What is Cloud Data Migration? Strategy, Challenges, and Risks

Many organizations are now considering migration all or part of their IT infrastructure to the cloud. Despite the benefits of moving to cloud hosting, one argument against migration is the complexity of the process. Customers are concerned that data will be lost and systems and services will be unavailable.

In this article, we explain how to migrate to the cloud and what risks to consider.

What is Data Migration?

Data migration is the process of moving digital assets from an organization’s premises to a cloud platform. This migration allows you to leverage your provider's infrastructure to reduce IT costs, scale faster, and deliver services from anywhere.

Typically, organizations move their IT systems to the cloud when they need to add capacity to their infrastructure. For example, for a temporary project or during seasonal peaks, etc.

Another reason for migration is to reduce costs. In-house infrastructure requires capital expenditure (CAPEX). The cloud offers the opportunity to use IT as a service, i.e. to shift costs to the operating expenditure (OPEX). This is beneficial for medium or small businesses that move their entire infrastructure to the cloud, keeping only critical services in-house. The subscription model helps not only to optimize costs but also to plan for periodic increases in computing capacity.

Strategies for Migrating to the Cloud

There are five basic cloud migration strategies, commonly known as the 5Rs:

Rehosting — the existing system is migrated to a cloud platform. With this strategy, an organization selects an IaaS provider and then rebuilds its application architecture on top of the new infrastructure.

Refactoring — using the existing code and framework and running the applications on the PaaS provider's platform.

Revise — the strategy involves partially rewriting or extending the code base before migrating to IaaS or PaaS.

Repurchase — involves rewriting and rebuilding the application from scratch on the provider's platform (PaaS).

Replace — organizations completely abandon their legacy applications in favor of third-party software as a service (SaaS) applications.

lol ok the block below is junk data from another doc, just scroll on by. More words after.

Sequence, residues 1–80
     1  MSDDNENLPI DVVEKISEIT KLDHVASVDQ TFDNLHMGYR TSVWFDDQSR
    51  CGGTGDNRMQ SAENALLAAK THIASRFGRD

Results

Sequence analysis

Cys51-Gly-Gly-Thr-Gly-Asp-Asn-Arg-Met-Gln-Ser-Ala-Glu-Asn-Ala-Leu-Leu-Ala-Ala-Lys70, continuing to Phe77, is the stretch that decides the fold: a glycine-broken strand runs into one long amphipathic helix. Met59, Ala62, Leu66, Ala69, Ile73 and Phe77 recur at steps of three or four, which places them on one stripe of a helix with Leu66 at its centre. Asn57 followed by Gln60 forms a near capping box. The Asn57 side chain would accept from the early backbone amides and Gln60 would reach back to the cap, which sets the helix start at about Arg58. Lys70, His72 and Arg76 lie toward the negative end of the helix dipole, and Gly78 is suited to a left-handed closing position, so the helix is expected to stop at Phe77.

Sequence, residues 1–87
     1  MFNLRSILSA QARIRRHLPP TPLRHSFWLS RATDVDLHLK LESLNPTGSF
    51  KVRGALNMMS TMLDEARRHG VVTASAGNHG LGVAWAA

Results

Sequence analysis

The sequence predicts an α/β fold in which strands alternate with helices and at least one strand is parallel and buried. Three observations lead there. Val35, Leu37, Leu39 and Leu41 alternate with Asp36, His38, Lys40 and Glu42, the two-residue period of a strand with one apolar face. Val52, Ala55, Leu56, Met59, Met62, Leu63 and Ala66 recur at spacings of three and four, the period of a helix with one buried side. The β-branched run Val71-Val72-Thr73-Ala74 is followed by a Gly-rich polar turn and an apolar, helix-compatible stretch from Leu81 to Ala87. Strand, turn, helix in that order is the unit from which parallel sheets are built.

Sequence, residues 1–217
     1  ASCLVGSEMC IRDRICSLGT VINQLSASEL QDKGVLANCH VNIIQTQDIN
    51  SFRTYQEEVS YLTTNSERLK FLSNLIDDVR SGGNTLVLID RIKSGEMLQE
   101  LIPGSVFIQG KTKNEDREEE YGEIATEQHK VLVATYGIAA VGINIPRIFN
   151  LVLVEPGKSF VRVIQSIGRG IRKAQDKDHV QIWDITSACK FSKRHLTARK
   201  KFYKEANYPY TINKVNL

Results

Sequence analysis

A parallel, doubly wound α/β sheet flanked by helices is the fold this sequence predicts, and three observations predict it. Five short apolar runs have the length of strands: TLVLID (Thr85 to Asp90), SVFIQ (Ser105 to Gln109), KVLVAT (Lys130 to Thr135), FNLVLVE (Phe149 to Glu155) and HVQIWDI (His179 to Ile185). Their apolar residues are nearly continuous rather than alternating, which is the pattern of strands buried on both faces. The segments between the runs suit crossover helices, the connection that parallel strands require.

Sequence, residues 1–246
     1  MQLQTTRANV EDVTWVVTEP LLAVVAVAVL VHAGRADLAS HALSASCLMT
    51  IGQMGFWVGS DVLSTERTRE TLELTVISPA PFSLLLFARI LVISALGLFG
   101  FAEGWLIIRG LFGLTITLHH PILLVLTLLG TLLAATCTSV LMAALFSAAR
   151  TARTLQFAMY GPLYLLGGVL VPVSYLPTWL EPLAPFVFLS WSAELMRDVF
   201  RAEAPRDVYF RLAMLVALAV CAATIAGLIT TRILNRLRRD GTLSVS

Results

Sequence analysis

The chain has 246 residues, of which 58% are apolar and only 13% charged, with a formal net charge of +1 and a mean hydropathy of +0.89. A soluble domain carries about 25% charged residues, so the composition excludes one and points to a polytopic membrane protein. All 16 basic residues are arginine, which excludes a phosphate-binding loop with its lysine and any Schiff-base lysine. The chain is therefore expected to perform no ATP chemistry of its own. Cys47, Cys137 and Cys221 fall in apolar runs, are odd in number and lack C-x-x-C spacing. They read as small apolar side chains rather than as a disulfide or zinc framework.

Every organization faces different challenges. Therefore, the process of migrating to the cloud will be different. Moving data to the cloud should start with a comprehensive process analysis.

Here are the key steps to cloud migration:

  1. Define your migration goals. Before buying a cloud solution, it is important to outline what you want to achieve with the cloud. For example, to reduce costs or to scale quickly without capital expenditure. This will help you determine the right deployment model and find the right provider.

  2. Assess your existing infrastructure. Take a thorough inventory of your existing portfolio - this will help you identify potential limitations and choose the right deployment model in the private, hybrid, or public cloud.

  3. Review the status of your data: sensitivity, format, and will the migration change that. By identifying potential problems before they occur, you can modify and adapt your migration plan to avoid data loss.

  4. Back up your data. Data migration is a massive task, and if something fails to go as planned, you need to make sure that your business information is kept safe.

  5. Select a provider. This should be based on your specific requirements, such as migration costs, the type of cloud you need, and the vendor's ability to customize a solution or build a hybrid cloud solution where part of the infrastructure is outsourced and part is retained by the customer.

Once the migration is complete, some organizations may choose to shut down their on-premises infrastructure, while others leave legacy systems as redundant capacity.

What are Common Cloud Migration Challenges?

It is very important to follow the principles of migration to ensure that the migration is successful, does not take a long time, and does not exceed the budget.

The most common problem is incompetence. For example, sending large amounts of data takes much longer than planned, and may require additional investment in specialized software.

The next problem is a mismatch between operating system (OS) and database (DB) versions. This means using outdated versions and software that is not supported by the vendor. And it cannot be transferred to the cloud.

Migrating a specific network solution to the cloud can also be challenging. For example, solutions with multi-layered security, multiple VPN channels, and different SW and HW network components. Despite the flexibility and elasticity of the cloud environment, there are certain limitations.

Cloud Migration Risks

Server in the cloud offers many benefits, but it also brings new threats and risks that need to be considered:

It is important to remember that security is a shared responsibility between the provider and the customer. The cloud is not completely isolated from external attacks. Cybercriminals actively seek out vulnerabilities in cloud systems to gain access to sensitive data. This can lead to leaks and financial and reputational damage to the organization.

Cloud infrastructure provides access to data and
applications from anywhere in the world via the internet. While this is
convenient for businesses, it also expands the opportunities for potential
attacks. Any device connected to the cloud can be a vulnerable entry point for

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author: Jennifer
published: 11/16/2023
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